Bhupinderpal Gill, left, and Gurpreet Ronald, right, have been charged with first-degree murder in the January 2014 death of Jagtar Gill, Bhupinderpal’s wife. (CBC)

The husband of a woman who was found beaten and stabbed to death in their home in 2014 “hated his wife” and didn’t consider divorce an option, the Crown alleged during opening statements on the first day of a high-profile murder trial in Ottawa.

Bhupinderpal Gill, the husband, and Gurpreet Ronald, a neighbour, are each charged with first-degree murder in the death of Jagtar Gill and have pleaded not guilty. Both worked as bus drivers for OC Transpo.

The two accused are being tried together, but each have their own defence lawyers.  ​

Crown prosecutor Jason Neubauer told Ontario Superior Court that Ronald and Bhupinderpal Gill were involved in a long-standing affair of a year and a half and that they conspired to kill Jagtar Gill, whom Ronald hated as well.

Phone records show the co-accused spoke for about 48 hours during hundreds of calls in the 28 days leading up to the killing and met each other repeatedly, Neubauer told court.

Previously deported Nigerian student back into Canada

Previously deported Nigerian student looks forward to convocation in Regina

Victoria Ordu and Favour Amadi hid in churches more than 450 days before being deported for working off-campus

CBC News Posted: May 13, 2016 9:18 PM CT Last Updated: May 13, 2016 9:18 PM CT

Victoria Ordu has completed her degree at University of Regina and will attend a convocation ceremony in June.

Victoria Ordu has completed her degree at University of Regina and will attend a convocation ceremony in June. (Radio-Canada)

Earning a university degree is no easy feat, but Victoria Ordu is especially proud to convocate this spring, after her studies became the subject of national news. She spent time in hiding and was eventually deported during the time she was planning to work on her degree.

“By this time two years ago, I didn’t think I was going to be done with school or my major graduating. I’m like, ‘Oh my god, my life is over,'” she said in an interview with CBC. “But here I am, I’m still breathing.”

The international student first arrived at University of Regina from Nigeria in 2009. In 2011, she and another Nigerian student, Favour Amadi, worked a couple of weeks at a Wal-Mart store off-campus before learning their student visas didn’t allow it.

Seeking sanctuary in Saskatchewan

That’s when Canadian Border Services got involved— and so did officials, including the Canadian and Saskatchewan governments and the University president, among others. Facing deportation, and communicating through an immigration consultant working on their behalf, the women hid in churches around Regina for more than 450 days while officials outside argued about their situation.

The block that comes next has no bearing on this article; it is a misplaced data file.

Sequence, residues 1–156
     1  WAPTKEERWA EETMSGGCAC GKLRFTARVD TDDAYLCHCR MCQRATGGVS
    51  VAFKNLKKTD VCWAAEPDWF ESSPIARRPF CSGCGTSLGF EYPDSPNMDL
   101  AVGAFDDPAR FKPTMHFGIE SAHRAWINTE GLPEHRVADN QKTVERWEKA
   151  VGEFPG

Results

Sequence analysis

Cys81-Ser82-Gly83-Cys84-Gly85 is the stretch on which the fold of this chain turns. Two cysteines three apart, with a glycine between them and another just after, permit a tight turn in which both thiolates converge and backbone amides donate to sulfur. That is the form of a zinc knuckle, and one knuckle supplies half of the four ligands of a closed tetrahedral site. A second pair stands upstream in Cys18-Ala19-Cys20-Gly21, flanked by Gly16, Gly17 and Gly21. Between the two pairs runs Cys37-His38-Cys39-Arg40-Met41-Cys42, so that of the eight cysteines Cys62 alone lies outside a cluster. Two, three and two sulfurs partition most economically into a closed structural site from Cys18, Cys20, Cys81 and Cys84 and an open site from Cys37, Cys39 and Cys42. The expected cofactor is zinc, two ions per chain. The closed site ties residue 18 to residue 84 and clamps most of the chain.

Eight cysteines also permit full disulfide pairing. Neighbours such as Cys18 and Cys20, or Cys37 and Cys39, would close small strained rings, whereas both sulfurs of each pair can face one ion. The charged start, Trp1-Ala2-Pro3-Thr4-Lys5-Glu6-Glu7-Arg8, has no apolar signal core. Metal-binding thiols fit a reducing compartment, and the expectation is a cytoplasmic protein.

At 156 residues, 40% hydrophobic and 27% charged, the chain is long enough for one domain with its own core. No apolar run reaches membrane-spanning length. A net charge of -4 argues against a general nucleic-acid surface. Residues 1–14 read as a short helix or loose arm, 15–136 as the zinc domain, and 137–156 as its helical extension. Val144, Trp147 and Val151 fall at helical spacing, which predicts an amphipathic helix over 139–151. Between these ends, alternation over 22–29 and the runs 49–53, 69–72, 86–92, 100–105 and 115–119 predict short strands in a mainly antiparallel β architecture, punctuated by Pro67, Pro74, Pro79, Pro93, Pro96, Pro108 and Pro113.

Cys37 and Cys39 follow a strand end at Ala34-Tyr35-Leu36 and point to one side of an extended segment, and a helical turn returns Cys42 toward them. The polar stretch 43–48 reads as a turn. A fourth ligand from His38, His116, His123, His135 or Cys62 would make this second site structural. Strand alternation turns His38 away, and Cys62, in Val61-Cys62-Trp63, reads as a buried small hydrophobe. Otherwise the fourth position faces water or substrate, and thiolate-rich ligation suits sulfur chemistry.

RCMP hired Lebanese man suffering from PTSD

Mountie says son was masochist, torture trial hears



A Mountie on trial for torturing and starving his shackled, naked son in a Kanata basement believed the boy was a masochist — someone who gets gratification from pain — a psychologist testified Wednesday.

He also believed he was educating the 11-year-old in order to protect the rest of the family, said the psychologist, who saw the Mountie more than 50 times for one-hour sessions.


The 44-year-old man and his wife are both on trial for confining the boy and failing to provide him with the necessities of life. The boy’s father is also on trial for aggravated sexual assault with a barbecue lighter.


When the Mountie confined his child in the basement of his Kanata home before he escaped on Feb. 12, 2013 in search of water, he viewed his child as his “main enemy” and imagined that his son was possessed by the devil, the psychologist testified.

The Mountie suffered from post-traumatic stress disorder from the “extremely barbaric” scenes he witnessed at a young age when he lived in Lebanon, the psychologist testified. He was also the victim of sexual assault — a common occurrence at his school in Lebanon, court heard.

“It marked him,” the psychologist testified.

Before moving to Canada, the Mountie was a child when he left school one day to take a taxi to his mother’s apartment in Beirut but was asked to exit the vehicle by militia at a check point. The Mountie had to lie about his name in order to save his life, the psychologist testified.

A few days after he arrived in Beirut, the Mountie injured his arm when a car bomb exploded, court heard.

The Mountie was also traumatized by the kidnapping of his parents, court heard.They were eventually released when it became clear his family had no money to pay a ransom, the psychologist testified.

The psychologist testified he believed the Mountie was sincere when he told him about his difficult past.

The Mountie’s PTSD led him to become “hyper-stimulated” and something as simple as a smile from a woman could be viewed by him as sexual assault, the psychologist testified.

When he came to Canada, one of the worst things that could have happened was getting hired by the RCMP, the psychologist testified. With the job came danger that was constantly stimulating his PTSD.

The test the RCMP administered when he was hired showed a “small problem” but the service decided to look the other way, the psychologist testified.

The psychologist’s testimony continues Thursday.